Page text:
Movies have them. Restaurants have them. Even hotels have them. So when it comes to the quality of our health care, is it really so unrealistic to expect a universal metric to rate performance?
On the heels of the White House budget release, there is no question that Congress and the president will be negotiating on ways to make the Medicare program more efficient and effective. Crucial to those conversations should be ways to drive better value into the system so that we spend our limited health care dollars more wisely.
We believe that the best way to do this is to measure and reward quality, as higher quality care means better care, better value and lower costs. We have started measuring and rewarding quality in the Medicare Advantage program, but we need to expand that across all Medicare.
There is much that we can learn about how Medicare Advantage is creating value in the program for beneficiaries, providers and taxpayers that can be applied across our health care system, including measuring quality, financial incentives to achieve high-quality care and educating consumers about the value of considering quality in their health care decisions.
As our health care system is changing, Congress is grappling with ways to reduce the deficit and change Medicare so it is financially secure for future generations.
We all know that the aging baby boom generation is creating a huge influx of Medicare beneficiaries. And according to the February Journal of the American Medical Association, U.S. baby boomers have higher rates of chronic disease, more disability and lower self-rated health than members of the previous generation at the same age.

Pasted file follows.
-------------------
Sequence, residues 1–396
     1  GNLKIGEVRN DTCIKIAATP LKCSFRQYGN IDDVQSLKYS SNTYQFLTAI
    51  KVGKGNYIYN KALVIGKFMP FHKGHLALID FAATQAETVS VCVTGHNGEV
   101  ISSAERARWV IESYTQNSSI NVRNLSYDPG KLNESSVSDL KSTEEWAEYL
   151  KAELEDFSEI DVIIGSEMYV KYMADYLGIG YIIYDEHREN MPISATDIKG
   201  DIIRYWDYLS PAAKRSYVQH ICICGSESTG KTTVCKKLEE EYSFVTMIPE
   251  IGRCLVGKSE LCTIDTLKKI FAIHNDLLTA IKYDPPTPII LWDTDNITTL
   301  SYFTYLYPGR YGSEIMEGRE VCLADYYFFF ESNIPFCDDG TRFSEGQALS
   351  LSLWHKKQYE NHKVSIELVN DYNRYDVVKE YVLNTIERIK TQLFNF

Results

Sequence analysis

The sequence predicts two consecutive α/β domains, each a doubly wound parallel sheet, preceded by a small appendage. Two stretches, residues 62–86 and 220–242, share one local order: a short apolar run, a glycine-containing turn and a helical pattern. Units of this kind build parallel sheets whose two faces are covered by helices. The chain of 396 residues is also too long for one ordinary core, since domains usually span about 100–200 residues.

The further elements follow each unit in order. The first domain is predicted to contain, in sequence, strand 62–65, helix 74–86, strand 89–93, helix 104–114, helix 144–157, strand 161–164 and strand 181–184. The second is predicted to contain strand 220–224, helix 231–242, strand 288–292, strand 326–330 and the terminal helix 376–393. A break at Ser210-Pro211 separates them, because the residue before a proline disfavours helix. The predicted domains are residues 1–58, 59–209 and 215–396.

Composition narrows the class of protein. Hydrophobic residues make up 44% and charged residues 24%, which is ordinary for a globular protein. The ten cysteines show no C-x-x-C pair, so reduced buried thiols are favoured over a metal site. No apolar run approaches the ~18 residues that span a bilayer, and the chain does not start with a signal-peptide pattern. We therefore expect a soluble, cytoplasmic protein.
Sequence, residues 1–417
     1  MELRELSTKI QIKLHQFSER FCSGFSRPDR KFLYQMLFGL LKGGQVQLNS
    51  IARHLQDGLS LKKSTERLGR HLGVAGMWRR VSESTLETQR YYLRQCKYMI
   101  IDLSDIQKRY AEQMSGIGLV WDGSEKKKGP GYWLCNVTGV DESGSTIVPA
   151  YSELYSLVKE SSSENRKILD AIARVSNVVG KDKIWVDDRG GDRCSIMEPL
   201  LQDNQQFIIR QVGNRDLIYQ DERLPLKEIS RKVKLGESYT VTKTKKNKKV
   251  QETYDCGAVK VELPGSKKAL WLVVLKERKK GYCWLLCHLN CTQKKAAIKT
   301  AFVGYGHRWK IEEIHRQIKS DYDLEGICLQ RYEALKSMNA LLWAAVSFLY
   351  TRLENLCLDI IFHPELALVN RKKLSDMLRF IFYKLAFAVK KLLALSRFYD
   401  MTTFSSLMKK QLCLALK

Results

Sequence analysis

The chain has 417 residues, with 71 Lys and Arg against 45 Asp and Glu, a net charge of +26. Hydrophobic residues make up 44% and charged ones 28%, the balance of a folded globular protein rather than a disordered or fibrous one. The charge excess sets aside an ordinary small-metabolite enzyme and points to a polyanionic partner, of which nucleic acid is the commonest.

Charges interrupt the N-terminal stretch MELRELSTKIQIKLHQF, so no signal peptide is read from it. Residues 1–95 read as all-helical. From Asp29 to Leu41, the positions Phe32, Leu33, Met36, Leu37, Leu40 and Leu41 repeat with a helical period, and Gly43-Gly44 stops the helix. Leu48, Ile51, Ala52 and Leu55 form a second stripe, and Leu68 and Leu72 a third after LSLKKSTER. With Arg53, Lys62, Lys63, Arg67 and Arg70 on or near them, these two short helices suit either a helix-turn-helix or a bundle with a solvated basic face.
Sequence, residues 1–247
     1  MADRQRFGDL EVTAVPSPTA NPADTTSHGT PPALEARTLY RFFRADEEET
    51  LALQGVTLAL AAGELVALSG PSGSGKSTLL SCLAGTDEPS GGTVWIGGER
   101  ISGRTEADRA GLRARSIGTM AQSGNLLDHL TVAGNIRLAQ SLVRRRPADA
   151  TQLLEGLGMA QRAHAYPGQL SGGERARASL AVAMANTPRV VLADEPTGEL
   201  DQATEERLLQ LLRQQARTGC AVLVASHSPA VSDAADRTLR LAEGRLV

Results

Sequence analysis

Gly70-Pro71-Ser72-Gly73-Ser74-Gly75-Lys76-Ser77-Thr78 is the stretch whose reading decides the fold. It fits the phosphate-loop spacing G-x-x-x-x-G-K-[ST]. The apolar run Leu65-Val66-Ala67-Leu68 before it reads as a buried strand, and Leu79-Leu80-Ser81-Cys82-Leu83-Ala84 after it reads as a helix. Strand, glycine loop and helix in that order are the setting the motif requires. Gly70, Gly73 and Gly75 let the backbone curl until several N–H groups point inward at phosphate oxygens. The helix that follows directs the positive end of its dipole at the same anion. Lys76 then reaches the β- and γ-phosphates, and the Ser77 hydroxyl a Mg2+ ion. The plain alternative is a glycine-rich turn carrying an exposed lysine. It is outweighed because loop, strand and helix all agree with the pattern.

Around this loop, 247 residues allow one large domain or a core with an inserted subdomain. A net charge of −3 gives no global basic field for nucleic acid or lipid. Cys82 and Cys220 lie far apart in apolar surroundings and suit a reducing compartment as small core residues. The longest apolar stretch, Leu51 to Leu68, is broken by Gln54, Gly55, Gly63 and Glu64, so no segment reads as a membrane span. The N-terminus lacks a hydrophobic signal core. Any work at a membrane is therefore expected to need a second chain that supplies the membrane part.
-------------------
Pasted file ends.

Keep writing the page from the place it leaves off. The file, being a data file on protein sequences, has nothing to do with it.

This means that these new Medicare beneficiaries will likely need more health care services than their predecessors, so driving better value for the dollars spent becomes even more important in the coming years. Congress started the Medicare Advantage program down the right path by creating incentive payments in the Affordable Care Act that promote health plan efforts to achieve high clinical quality, as well as improved patient outcomes.
Last year, the Centers for Medicare and Medicaid Services instituted the Five-Star Quality Rating program, under which Medicare Advantage plans are measured and rated on how well they perform in five different categories, including member satisfaction, helping senior members stay healthy and managing chronic conditions. The program, which awards plans between one star (poor) and five (excellent), ensures that Medicare beneficiaries, the federal government and American taxpayers are getting better value for their money.
There is also growing evidence that higher star ratings are positively influencing the decisions of Medicare beneficiaries choosing a plan for the first time or switching plans.
A study published in the January 2013 JAMA found Medicare beneficiaries were more likely to choose higher-rated health plans than would be expected without a rating system. The study also notes this may have implications for the inclusion of quality ratings in the health insurance exchange environment where enrollees will face a similar choice of health insurance companies and benefit packages.
The Alliance of Community Health Plans represents some of the highest-quality health plans in the country, with 22 members comprising 46 of the approximately 580 Medicare Advantage plans. Of the 11 plans receiving five stars, eight are ACHP members.
Sen. Kirsten Gillibrand, D-N.Y., speaks with reporters following a vote in the Senate. Gillibrand’s proposal to remove military commanders from the process of reviewing sexual-assault cases was left out of the bicameral deal on the defense authorization bill, but the senator is pushing for a vote on her plan soon.
Each year since 1990, CQ Roll Call has reviewed the financial disclosures of all 541 senators, representatives and delegates to determine the 50 richest members of Congress. This year's report, derived from forms covering the calendar year 2012, shows it took a net worth of $6.67 million to crack the exclusive club.